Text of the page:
1. You might even have seen it, rather than hearing it. The word’s popularity is such that the marketers have taken to using it. There’s a chain of restaurants now called Louisiana Lagniappe, and an Illinois guesthouse near Grafton called Lagniappe Place.

      It’s rather like cruising through St. Martin parish and discovering the Evangeline Dry Cleaners, Evangeline Computer Repair, and the Evangeline Funeral Home along with the Evangeline Oak. The difference, of course, is that those names are historically-based and related to the area. “Lagniappe” has started traveling, and probably won’t stop for a while.

    1. It’s a wonderful word from a wonderful culture, Tina. “Laissez les bons temps rouler” is pretty well established now, so perhaps it’s time to start encouraging the use — and the custom — of lagniappe.

  15. I never pondered ‘lagniappe’ and ‘yapa’ being branches on the same tree…. Lagniappe was always a great something extra, and the yapa is something that is often ‘asked for’ by the consumer in the Andean area and then smile when the shopkeeper smiles with this, ‘How did she know that word?’ kind of expression… There is one vegetable lady who always hands a yapa to the consumer – there are times I am not even shopping there = i just poke my head in and say ‘Hola’ and she hands me something….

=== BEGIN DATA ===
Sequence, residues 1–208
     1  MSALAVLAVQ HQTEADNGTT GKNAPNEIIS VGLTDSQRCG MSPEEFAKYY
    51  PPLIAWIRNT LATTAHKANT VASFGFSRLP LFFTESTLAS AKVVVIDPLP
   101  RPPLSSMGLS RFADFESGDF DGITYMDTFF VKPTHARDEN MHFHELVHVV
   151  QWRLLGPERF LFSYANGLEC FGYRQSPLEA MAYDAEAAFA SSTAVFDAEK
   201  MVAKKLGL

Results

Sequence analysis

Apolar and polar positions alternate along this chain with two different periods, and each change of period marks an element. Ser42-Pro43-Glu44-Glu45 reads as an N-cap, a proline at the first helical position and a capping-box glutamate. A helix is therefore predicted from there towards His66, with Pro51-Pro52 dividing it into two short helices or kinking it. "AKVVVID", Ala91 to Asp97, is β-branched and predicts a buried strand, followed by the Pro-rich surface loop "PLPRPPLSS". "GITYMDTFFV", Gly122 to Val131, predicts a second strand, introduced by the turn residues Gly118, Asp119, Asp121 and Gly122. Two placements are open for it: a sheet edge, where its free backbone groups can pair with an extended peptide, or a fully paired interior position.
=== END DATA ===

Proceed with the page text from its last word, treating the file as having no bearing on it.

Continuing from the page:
Now I will smile and roll back to Louisiana memories and recall with fondness, ‘Lagniappes from the past.’

    Your new site is lovely!

    1. I thought it was interesting that Twain mentioned both in his description of the word: the gift proferred by the merchant, and the asking for “a little something extra” by the customer. It’s almost hidden, but it’s there: “When a child or a servant buys something in a shop — or even the mayor or the governor, for aught I know — he finishes the operation by saying “Give me something for lagniappe.”